Bob Dylan's career has been full of unpredictable left turns that have left fans confused, enthralled, enraged – sometimes all at once. At the 1965 Newport Folk Festival – accompanied by a pickup band featuring Mike Bloomfield and Al Kooper – he performed his first electric set, upsetting his folk base. His 1970 album Self Portrait is full of jazzy crooning and head-scratching covers. In 1978, his self-directed, four-hour film Renaldo and Clara was released, combining concert footage with surreal, often tedious dramatic scenes. Dylan seemed to thrive on testing the patience of his fans.

Keep reading... Show less

Inane Political Discourse, or, Alan Partridge's Parody Politics

Publicity photo of Steve Coogan courtesy of Sky Consumer Comms

That the political class now finds itself relegated to accidental Alan Partridge territory along the with rest of the twits and twats that comprise English popular culture is meaningful, to say the least.

"I evolve, I don't…revolve."
-- Alan Partridge

Alan Partridge began as a gleeful media parody in the early '90s but thanks to Brexit he has evolved into a political one. In print and online, the hopelessly awkward radio DJ from Norwich, England, is used as an emblem for incompetent leadership and code word for inane political discourse.

Keep reading... Show less

The show is called Crazy Ex-Girlfriend largely because it spends time dismantling the structure that finds it easier to write women off as "crazy" than to offer them help or understanding.

In the latest episode of Crazy Ex-Girlfriend, the CW networks' highly acclaimed musical drama, the shows protagonist, Rebecca Bunch (Rachel Bloom), is at an all time low. Within the course of five episodes she has been left at the altar, cruelly lashed out at her friends, abandoned a promising new relationship, walked out of her job, had her murky mental health history exposed, slept with her ex boyfriend's ill father, and been forced to retreat to her notoriously prickly mother's (Tovah Feldshuh) uncaring guardianship. It's to the show's credit that none of this feels remotely ridiculous or emotionally manipulative.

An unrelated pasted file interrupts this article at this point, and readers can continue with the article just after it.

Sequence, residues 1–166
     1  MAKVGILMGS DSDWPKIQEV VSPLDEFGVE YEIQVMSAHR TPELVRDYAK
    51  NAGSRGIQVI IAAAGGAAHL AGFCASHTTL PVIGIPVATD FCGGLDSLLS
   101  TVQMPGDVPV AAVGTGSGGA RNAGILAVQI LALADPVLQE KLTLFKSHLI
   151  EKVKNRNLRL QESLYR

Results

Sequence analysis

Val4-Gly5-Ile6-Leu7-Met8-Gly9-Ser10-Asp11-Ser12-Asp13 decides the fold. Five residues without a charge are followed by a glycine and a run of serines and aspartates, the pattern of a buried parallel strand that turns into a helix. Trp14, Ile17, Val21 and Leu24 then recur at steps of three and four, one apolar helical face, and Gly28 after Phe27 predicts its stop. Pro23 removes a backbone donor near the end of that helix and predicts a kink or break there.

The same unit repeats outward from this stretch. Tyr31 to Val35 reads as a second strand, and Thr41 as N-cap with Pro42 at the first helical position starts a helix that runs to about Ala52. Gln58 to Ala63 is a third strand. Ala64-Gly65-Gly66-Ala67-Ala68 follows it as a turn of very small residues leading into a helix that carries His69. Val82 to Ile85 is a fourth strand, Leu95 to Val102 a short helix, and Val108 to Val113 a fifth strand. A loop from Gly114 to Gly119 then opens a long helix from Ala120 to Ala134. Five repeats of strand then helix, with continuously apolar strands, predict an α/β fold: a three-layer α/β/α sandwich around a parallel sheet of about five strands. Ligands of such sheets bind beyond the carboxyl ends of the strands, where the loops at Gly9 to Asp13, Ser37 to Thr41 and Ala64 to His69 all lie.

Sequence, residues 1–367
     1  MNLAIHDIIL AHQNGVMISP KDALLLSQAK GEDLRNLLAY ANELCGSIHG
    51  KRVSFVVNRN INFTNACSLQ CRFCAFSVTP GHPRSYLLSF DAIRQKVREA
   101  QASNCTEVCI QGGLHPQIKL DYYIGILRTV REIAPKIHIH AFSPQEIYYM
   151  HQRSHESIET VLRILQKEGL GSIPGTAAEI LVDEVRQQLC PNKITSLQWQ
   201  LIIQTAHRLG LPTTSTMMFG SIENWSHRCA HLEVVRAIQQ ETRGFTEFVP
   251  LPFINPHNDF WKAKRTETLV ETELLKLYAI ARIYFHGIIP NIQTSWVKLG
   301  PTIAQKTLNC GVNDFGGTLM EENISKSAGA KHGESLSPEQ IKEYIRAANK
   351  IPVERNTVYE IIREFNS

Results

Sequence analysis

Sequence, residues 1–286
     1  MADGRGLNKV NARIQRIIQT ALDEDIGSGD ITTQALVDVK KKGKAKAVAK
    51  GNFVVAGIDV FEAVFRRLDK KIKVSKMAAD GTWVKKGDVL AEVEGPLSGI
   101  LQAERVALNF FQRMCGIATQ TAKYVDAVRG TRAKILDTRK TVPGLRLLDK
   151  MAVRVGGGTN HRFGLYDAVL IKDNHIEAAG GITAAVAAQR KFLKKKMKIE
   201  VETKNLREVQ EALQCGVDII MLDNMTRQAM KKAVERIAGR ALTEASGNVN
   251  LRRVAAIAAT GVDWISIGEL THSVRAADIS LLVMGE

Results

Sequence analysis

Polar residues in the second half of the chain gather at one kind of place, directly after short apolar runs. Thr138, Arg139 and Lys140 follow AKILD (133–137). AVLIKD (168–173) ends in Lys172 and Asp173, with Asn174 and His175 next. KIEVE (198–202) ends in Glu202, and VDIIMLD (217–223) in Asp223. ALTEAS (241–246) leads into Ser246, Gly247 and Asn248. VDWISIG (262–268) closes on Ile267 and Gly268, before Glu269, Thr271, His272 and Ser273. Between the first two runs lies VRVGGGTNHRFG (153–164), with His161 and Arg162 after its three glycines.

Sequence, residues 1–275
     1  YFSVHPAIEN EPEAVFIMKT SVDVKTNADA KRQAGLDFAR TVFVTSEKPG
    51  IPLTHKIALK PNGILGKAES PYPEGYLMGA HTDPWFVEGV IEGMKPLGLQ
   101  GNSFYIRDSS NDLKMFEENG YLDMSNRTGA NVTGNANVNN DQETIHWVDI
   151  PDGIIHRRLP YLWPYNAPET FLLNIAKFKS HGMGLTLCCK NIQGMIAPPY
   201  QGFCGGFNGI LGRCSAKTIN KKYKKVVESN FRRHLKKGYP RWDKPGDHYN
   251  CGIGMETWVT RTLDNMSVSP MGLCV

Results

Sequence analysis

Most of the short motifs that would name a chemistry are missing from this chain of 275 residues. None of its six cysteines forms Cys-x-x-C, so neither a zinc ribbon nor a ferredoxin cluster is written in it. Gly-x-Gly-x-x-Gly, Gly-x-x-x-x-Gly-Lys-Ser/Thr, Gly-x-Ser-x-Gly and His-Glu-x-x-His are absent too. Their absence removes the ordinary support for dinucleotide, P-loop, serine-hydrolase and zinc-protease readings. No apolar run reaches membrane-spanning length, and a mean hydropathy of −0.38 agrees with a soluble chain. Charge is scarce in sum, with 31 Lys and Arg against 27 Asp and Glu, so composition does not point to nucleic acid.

Keep reading... Show less

If space is time—and space is literally time in the comics form—the world of the novel is a temporal cage. Manuele Fior pushes at the formal qualities of that cage to tell his story.

Manuele Fior's 5,000 Km Per Second was originally published in 2009 and, after winning the Angouléme and Lucca comics festivals awards in 2010 and 2011, was translated and published in English for the first time in 2016. As suggested by its title, the graphic novel explores the effects of distance across continents and decades. Its love triangle begins when the teenaged Piero and his best friend Nicola ogle Lucia as she moves into an apartment across the street and concludes 20 estranged years later on that same street. The intervening years include multiple heartbreaks and the one second phone delay Lucia in Norway and Piero in Egypt experience as they speak while 5,000 kilometers apart.

Keep reading... Show less

Featuring a shining collaboration with Terry Riley, the Del Sol String Quartet have produced an excellent new music recording during their 25 years as an ensemble.

Dark Queen Mantra, both the composition and the album itself, represent a collaboration between the Del Sol String Quartet and legendary composer Terry Riley. Now in their 25th year, Del Sol have consistently championed modern music through their extensive recordings (11 to date), community and educational outreach efforts, and performances stretching from concert halls and the Library of Congress to San Francisco dance clubs. Riley, a defining figure of minimalist music, has continually infused his compositions with elements of jazz and traditional Indian elements such as raga melodies and rhythms. Featuring two contributions from Riley, as well as one from former Riley collaborator Stefano Scodanibbio, Dark Queen Mantra continues Del Sol's objective of exploring new avenues for the string quartet format.

Keep reading... Show less
Pop Ten
Mixed Media
PM Picks

© 1999-2017 All rights reserved.
Popmatters is wholly independently owned and operated.